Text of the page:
Keynote Speaker

David S. Wilcove

September 16, 2013, from 7:00 to 8:30 PM
Prochnow Auditorium
Free and open to the public
Author book signing to follow

David S. Wilcove is professor of ecology, evolutionary biology, and public affairs at Princeton University. Prior to joining the faculty of Princeton University, he was senior ecologist at the Environmental Defense Fund in Washington, DC, where he developed science-based strategies to protect endangered species. He is author of No Way Home: The Decline of the World’s Great Animal Migrations (2008), The Condor’s Shadow: The Loss and Recovery of Wildlife in America (1999), and numerous technical and popular articles in the fields of conservation biology, ornithology, and endangered species protection. He has served on the boards of directors of the Society for Conservation Biology, Rare, American Bird Conservancy, Natural Areas Association, and New Jersey Audubon Society, as well as the editorial boards of Conservation Biology, Ecological Applications, and Issues in Ecology. In 2001, Professor Wilcove received the Distinguished Service Award of the Society for Conservation Biology in recognition of his work on behalf of endangered species.  He received a Ph.D. in biology from Princeton University (1985) and a B.S. from Yale University (1980).  He lives in Princeton, New Jersey.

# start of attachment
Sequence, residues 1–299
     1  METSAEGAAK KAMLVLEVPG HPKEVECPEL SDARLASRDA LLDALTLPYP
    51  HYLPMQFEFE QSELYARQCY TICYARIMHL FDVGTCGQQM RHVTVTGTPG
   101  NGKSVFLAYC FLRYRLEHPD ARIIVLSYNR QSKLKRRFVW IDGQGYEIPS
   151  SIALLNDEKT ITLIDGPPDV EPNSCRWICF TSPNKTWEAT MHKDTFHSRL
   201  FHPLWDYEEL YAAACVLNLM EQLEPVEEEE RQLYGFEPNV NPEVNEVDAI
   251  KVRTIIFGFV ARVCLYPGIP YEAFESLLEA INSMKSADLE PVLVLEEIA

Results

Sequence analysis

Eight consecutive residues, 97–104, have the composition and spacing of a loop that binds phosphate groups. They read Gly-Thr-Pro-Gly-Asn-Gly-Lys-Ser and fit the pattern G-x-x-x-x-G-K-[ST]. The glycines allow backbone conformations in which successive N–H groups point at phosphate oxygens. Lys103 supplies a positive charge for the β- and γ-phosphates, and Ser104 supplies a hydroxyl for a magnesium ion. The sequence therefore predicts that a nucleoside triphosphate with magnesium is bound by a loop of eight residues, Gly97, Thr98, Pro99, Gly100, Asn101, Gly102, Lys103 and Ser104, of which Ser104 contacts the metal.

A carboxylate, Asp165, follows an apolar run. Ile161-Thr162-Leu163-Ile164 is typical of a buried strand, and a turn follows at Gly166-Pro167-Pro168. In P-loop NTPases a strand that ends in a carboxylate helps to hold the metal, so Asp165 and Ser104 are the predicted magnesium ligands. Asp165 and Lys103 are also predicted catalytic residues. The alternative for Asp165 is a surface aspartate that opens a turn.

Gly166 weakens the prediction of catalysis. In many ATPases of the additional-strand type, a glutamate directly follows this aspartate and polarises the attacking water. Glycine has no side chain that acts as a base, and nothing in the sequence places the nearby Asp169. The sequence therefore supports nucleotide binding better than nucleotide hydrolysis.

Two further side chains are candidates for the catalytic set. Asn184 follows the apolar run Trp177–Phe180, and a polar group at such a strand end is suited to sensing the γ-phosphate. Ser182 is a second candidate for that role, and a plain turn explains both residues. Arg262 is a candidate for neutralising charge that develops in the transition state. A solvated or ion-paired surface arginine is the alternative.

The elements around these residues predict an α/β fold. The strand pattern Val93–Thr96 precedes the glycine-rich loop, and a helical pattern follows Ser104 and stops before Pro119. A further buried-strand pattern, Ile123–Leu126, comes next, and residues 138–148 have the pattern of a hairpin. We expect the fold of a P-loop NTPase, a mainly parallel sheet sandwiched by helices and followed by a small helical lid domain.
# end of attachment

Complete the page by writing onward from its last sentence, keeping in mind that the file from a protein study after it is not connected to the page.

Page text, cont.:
David Wilcove
David S. Wilcove

Research Interests

Members of my research group are tackling a range of topics in different places, but in all of our work we strive to use a combination of ecology, economics, and policy research to find workable solutions to challenging conservation issues. Recent or ongoing projects include studies of the impact of logging and oil-palm agriculture on biodiversity in Southeast Asia (focusing on birds, fish, and dung beetles); the conservation of migratory species; and how human adaptive responses to climate change are likely to affect biodiversity. New or upcoming projects include studies of the wild bird trade in Southeast Asia, the development of coastal wetlands in Asia, and how bird distributions and abundance are affected by land-use changes in the Himalayas and Amazonia.